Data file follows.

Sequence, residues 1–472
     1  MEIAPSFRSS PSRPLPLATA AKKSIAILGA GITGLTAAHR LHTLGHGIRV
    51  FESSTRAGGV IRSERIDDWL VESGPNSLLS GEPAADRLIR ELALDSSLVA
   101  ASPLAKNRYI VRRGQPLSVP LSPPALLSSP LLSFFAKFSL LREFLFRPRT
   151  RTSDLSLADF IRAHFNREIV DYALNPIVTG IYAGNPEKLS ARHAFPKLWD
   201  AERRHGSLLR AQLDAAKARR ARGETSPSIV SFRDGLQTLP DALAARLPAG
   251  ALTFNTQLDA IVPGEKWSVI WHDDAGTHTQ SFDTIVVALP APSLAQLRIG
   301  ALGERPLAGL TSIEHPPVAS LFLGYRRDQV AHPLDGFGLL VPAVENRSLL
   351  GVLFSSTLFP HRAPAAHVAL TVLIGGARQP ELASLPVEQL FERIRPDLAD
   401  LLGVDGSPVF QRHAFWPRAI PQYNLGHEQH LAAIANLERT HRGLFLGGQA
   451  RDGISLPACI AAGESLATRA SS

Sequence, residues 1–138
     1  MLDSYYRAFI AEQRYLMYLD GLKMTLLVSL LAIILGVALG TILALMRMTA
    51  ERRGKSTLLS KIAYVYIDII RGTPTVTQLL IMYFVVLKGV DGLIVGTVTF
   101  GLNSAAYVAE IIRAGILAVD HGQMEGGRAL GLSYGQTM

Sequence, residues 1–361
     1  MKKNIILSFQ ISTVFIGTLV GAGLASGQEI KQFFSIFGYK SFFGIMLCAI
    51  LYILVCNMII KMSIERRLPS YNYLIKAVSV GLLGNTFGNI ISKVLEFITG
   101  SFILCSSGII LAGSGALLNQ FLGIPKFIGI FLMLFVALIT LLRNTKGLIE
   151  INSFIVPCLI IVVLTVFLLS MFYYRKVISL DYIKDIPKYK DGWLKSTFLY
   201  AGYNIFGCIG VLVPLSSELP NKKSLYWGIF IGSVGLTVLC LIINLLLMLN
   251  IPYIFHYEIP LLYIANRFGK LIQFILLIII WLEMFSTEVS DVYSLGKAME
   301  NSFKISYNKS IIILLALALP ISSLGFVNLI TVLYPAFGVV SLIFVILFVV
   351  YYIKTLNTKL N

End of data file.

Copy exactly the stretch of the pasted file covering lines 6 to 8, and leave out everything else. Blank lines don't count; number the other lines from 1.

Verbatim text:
   201  AERRHGSLLR AQLDAAKARR ARGETSPSIV SFRDGLQTLP DALAARLPAG
   251  ALTFNTQLDA IVPGEKWSVI WHDDAGTHTQ SFDTIVVALP APSLAQLRIG
   301  ALGERPLAGL TSIEHPPVAS LFLGYRRDQV AHPLDGFGLL VPAVENRSLL